COVID-19 has profoundly impacted all countries, with even the most prosperous nations overwhelmed by the pandemic. For low- and middle-income countries, the consequences are even more severe. With reduced purchasing power, interruptions in critical welfare programmes, and disruptions in global supply chains, many families no longer have access to adequate nutritious food. Shutdowns and fear of infection lead to reduced access to health systems and nutrition services. These factors may create a malnutrition crisis, with the potential to cause even more devastation than the pandemic itself.
While the provision of food may resolve the hunger issue, this does not guarantee people the nutrients their bodies need. Without access to proper nutrition, there will be long-term health impacts, including weaker immune system, lowered resilience to disease, and increased stunting and wasting. Addressing hunger and, more specifically, ‘nutrition’ need to be a key component of the global COVID-19 response.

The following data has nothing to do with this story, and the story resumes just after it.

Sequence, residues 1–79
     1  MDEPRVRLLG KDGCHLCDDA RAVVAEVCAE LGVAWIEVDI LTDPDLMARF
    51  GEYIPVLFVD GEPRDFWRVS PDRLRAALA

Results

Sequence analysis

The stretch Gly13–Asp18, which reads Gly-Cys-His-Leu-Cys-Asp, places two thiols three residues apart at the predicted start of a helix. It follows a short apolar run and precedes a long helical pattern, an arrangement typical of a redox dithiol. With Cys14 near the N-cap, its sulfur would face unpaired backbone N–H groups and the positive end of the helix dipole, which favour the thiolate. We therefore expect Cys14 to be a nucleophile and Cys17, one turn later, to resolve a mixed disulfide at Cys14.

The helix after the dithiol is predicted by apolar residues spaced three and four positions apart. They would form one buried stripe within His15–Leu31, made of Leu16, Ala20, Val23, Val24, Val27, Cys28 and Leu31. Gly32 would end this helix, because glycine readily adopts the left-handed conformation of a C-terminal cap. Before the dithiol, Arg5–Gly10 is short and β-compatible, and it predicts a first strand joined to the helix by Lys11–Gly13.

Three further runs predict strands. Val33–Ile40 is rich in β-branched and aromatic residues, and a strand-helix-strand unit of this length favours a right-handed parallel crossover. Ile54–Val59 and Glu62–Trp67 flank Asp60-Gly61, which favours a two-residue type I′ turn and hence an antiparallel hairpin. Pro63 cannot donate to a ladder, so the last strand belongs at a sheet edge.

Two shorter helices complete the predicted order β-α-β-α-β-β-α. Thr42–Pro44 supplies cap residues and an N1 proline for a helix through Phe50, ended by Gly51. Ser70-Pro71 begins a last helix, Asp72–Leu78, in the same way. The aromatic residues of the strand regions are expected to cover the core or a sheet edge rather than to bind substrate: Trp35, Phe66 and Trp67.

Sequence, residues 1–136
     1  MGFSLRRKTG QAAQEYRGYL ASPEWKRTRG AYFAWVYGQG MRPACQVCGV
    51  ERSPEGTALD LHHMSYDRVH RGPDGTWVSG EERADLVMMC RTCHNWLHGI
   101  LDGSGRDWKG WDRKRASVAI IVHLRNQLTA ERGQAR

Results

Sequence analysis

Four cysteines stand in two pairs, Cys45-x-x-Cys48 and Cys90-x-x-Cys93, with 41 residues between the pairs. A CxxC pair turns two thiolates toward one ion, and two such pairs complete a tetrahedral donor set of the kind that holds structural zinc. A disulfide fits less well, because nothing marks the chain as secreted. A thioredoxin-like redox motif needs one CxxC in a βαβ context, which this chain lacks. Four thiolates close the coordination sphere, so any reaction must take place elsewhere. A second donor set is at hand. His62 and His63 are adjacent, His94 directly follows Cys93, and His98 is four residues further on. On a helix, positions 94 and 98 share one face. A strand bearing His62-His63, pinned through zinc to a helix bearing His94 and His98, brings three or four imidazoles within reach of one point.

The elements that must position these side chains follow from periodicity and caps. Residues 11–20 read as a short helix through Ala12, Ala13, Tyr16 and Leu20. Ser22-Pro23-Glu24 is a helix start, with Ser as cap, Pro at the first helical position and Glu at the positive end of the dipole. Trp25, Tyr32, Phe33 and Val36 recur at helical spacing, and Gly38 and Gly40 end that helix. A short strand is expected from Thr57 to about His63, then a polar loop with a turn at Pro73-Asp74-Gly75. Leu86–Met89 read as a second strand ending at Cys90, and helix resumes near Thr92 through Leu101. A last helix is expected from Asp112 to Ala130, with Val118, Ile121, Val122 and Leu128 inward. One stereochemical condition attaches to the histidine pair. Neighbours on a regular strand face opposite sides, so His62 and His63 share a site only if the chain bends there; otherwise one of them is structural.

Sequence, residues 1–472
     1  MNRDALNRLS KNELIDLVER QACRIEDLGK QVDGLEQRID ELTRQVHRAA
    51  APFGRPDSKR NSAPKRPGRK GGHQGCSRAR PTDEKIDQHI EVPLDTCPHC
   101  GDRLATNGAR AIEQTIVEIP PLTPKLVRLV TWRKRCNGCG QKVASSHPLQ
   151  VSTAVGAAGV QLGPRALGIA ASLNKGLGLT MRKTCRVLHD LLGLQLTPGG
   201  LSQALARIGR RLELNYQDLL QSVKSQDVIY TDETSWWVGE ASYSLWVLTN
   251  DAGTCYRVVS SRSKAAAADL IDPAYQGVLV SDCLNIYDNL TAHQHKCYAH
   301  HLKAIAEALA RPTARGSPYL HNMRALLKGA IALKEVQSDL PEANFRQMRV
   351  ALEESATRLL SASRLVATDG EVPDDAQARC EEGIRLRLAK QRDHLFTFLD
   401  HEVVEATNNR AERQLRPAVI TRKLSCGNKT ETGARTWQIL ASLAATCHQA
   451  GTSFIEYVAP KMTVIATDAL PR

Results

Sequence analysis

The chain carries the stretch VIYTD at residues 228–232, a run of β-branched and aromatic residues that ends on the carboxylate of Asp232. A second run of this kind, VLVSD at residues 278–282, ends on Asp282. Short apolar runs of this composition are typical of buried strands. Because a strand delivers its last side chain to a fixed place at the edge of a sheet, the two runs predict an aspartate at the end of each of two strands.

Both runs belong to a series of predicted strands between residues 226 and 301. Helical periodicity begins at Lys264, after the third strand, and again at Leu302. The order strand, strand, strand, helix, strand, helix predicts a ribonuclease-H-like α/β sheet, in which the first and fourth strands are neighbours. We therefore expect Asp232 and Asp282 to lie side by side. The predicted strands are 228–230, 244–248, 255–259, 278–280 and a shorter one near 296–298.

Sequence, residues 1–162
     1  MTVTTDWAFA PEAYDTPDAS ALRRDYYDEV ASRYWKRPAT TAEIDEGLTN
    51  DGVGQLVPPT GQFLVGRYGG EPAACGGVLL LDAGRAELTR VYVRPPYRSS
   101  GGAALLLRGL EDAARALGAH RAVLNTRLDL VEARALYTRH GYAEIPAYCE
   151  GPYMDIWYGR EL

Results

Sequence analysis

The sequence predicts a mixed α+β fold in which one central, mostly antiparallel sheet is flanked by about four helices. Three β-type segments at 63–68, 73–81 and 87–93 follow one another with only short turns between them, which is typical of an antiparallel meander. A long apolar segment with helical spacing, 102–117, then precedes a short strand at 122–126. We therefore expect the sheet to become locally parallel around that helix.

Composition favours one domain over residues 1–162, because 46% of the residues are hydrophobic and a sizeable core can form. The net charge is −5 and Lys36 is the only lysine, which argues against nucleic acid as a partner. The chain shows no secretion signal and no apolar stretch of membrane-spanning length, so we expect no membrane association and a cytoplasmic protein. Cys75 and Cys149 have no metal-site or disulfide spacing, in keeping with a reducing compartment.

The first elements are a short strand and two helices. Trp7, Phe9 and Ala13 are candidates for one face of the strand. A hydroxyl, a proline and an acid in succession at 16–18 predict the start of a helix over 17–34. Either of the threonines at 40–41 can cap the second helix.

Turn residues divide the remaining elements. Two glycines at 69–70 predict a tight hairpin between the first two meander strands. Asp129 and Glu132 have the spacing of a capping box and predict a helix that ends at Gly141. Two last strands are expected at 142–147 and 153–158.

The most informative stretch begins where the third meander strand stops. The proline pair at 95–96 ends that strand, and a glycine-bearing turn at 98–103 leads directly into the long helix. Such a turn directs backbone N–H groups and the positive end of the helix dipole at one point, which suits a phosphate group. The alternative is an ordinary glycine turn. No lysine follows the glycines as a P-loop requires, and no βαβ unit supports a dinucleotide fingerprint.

Since 2010, Bangladesh has made immense progress in economic growth, food security, health and nutrition, and until COVID-19, the country was on track to achieve the child nutrition targets set in the second Bangladesh National Plan of Action for Nutrition (NPAN2) by 2025.